Wind Energy: A Win Wind SituationPublished by Tony Juniper on Thu, 03/10/2013 - 12:00am
The small minority that is fiercely opposed to wind power, and to renewable energy in general, has its reasons for feeling the way it does. While I regard their views as misguided, I can respect their point of view, so long as it is based on facts and reason. And that, frankly, is why I have no respect whatsoever for the twaddle put out by Ben Acheson in his September 23rd blog entitled "Wind energy: chalk it up as a loss".
Let me be specific as to where Acheson gets it wrong - but please bear with me, because in his lengthy tirade there was precious little he got right.
His first helping of tripe comes in his assertion that wind energy is unpopular. Evidently he has spent too much time reading the Daily Mail, rather than the opinion polls that (and despite years of effort) their ridiculous opinion pieces and 'news' items have failed to shift. The fact is that wind power enjoys a strong majority of support, and has done so for years.
Poll after poll confirms this, including a couple of weeks ago when a ComRes survey for the BBC showed that over two thirds (67 per cent) of people are in favour of wind farms being built in their area, (compared to 33 per cent in favour of hydraulic fracturing for shale gas). If Acheson could provide any evidence to the contrary, surely he would have cited it in his blog?
Acheson's next massive error is to claim that "wind energy has not made even the slightest difference to carbon emissions". The fact that wind power in the UK is now reducing by more than 10 million tonnes the amount of CO2 we pump into the atmosphere every year means that it scores pretty high on that front.
This also explains the strong support wind power enjoys from wildlife and environmental organisations, including the Royal Society for the Protection of Birds and Friends of the Earth, who recognise the need for sustainable energy sources in meeting a range of environmental and social challenges.
That's why the RSPB is planning to install a wind turbine at its own headquarters. Surely if this and other conservation organisations are backing wind and other renewables, this too not only gives short shrift to Acheson's claim as to their zero impact on carbon emissions, but also that the technology is disastrous for natural habitats? Wrong again it seems.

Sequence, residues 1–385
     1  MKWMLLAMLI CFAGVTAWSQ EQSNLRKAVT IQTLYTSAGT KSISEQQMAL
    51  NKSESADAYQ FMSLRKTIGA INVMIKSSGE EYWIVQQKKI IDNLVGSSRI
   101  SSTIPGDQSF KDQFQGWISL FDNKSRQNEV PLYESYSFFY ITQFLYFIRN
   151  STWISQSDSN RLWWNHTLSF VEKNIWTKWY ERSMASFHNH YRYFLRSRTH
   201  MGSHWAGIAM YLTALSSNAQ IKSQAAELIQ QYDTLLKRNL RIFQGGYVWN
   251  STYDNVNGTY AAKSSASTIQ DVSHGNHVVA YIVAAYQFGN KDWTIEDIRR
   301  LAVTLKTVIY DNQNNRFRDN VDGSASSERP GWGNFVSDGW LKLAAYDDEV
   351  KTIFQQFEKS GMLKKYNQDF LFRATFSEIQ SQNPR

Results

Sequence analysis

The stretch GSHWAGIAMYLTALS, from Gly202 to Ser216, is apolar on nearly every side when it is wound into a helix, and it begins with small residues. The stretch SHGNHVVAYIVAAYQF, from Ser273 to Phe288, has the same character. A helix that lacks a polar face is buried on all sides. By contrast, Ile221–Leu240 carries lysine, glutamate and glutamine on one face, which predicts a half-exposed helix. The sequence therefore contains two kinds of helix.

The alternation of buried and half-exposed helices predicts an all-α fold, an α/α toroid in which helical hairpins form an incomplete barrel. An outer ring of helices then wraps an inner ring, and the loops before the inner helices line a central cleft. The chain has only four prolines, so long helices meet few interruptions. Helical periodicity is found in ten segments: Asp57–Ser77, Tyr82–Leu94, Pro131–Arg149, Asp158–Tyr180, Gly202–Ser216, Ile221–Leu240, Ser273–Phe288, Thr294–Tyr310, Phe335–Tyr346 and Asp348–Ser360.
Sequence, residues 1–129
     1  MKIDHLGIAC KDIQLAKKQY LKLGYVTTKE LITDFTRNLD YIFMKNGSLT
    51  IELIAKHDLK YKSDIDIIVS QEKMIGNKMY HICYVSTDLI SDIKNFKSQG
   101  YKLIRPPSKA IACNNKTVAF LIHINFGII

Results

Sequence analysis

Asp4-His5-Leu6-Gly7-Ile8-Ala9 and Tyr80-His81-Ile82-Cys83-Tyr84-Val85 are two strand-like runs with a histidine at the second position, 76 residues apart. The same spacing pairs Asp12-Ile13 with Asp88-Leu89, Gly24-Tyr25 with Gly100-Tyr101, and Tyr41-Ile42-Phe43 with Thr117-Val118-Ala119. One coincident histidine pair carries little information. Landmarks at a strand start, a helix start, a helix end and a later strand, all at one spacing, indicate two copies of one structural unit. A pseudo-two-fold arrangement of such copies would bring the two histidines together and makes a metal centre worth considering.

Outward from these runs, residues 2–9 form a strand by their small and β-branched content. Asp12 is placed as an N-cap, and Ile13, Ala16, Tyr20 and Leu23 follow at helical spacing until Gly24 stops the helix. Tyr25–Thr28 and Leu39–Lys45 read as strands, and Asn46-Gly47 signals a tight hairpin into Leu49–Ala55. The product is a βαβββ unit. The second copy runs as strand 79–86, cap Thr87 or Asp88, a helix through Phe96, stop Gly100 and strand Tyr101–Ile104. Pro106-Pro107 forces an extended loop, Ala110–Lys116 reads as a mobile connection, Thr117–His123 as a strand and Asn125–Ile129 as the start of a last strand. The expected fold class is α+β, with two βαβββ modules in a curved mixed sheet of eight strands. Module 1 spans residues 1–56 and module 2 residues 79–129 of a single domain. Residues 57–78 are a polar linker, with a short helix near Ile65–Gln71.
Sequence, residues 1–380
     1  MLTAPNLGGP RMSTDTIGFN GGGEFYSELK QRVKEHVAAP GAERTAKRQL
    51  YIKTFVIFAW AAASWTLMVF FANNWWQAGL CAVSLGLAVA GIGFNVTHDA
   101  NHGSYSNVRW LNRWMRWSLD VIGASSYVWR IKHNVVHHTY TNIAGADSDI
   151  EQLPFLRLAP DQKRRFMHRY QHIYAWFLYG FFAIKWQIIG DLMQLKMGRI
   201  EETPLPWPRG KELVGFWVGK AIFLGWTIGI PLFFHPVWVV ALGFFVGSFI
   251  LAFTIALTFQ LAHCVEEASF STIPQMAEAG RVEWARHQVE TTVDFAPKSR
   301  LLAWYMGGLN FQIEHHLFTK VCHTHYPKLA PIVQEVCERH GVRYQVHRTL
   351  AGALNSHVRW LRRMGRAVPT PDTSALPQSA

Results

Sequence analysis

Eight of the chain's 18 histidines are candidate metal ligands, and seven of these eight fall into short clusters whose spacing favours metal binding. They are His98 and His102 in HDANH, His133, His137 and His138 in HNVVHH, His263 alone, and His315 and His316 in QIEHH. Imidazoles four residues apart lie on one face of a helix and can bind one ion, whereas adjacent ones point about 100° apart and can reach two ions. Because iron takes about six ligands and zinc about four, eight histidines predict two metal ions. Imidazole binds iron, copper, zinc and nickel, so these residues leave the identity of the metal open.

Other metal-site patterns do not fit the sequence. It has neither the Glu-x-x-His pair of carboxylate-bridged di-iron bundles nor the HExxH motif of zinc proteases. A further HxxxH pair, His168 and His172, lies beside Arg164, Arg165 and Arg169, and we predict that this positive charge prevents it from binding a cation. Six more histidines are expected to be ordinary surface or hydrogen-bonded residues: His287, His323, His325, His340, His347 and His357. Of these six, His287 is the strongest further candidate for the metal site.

On top of the environmental benefits that comes with renewable sources of energy are advantages that will over time help to manage rising electricity bills. Every wind farm or renewables project built makes us just a little less reliant on expensive, imported fossil fuels which are, by a mile, the main cause of our bills going up. (To blame renewable energy as the main cause of rising energy bills is ridiculous.
Acheson also makes groundless claims in relation to the impact of wind farms on people's health. There is absolutely no evidence for this, despite comprehensive research and such scare-mongering has been roundly rejected by respected scientists and the NHS.
As if this wasn't enough rubbish for one article he goes on to repeat another myth in asserting that "pro-wind arguments about green jobs debunked and refuted". He should have a look at the research report published this month by RenewableUK which demonstrates a 74 per cent rise in the number of people working in wind, wave and tidal energy over the last two years, meaning that there now three times more people work in the sector than in the coal industry - a sign of the way the times are changing for the good. If Acheson wishes to talk down a British business success story, in one of the few sectors that has grown in recent years, then surely he should at least have the courtesy to conduct his economic sabotage with the benefit of facts.
I am very happy to debate the choices we face in navigating a path toward a reliable, clean and affordable energy system, but when commentators resort to misinformation, scaremongering and rant in the place of reason and facts, then seeing the light that will help us all move forward is all the harder. We face big and difficult challenges. Acheson is one among a small band that seems hell-bent on making sure they are even harder to resolve.
This article was first published by The Huffington Post.